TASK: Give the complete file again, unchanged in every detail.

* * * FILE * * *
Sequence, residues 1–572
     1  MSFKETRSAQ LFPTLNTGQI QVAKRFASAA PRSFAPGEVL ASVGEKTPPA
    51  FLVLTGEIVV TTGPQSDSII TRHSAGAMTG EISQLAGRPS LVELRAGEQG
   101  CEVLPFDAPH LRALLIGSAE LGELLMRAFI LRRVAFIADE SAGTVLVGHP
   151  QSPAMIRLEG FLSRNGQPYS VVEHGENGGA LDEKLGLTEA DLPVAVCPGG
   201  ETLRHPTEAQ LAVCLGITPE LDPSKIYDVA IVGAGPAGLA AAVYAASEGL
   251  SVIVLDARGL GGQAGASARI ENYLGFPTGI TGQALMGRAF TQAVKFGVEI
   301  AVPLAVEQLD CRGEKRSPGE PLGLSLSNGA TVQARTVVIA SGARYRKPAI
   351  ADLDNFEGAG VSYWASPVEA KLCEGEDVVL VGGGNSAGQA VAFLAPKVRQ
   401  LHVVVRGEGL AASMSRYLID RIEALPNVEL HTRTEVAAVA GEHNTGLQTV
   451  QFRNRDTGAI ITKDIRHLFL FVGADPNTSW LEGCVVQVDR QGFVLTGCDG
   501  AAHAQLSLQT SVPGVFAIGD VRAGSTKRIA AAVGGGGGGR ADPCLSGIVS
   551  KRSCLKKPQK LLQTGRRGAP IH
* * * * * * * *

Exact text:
Sequence, residues 1–572
     1  MSFKETRSAQ LFPTLNTGQI QVAKRFASAA PRSFAPGEVL ASVGEKTPPA
    51  FLVLTGEIVV TTGPQSDSII TRHSAGAMTG EISQLAGRPS LVELRAGEQG
   101  CEVLPFDAPH LRALLIGSAE LGELLMRAFI LRRVAFIADE SAGTVLVGHP
   151  QSPAMIRLEG FLSRNGQPYS VVEHGENGGA LDEKLGLTEA DLPVAVCPGG
   201  ETLRHPTEAQ LAVCLGITPE LDPSKIYDVA IVGAGPAGLA AAVYAASEGL
   251  SVIVLDARGL GGQAGASARI ENYLGFPTGI TGQALMGRAF TQAVKFGVEI
   301  AVPLAVEQLD CRGEKRSPGE PLGLSLSNGA TVQARTVVIA SGARYRKPAI
   351  ADLDNFEGAG VSYWASPVEA KLCEGEDVVL VGGGNSAGQA VAFLAPKVRQ
   401  LHVVVRGEGL AASMSRYLID RIEALPNVEL HTRTEVAAVA GEHNTGLQTV
   451  QFRNRDTGAI ITKDIRHLFL FVGADPNTSW LEGCVVQVDR QGFVLTGCDG
   501  AAHAQLSLQT SVPGVFAIGD VRAGSTKRIA AAVGGGGGGR ADPCLSGIVS
   551  KRSCLKKPQK LLQTGRRGAP IH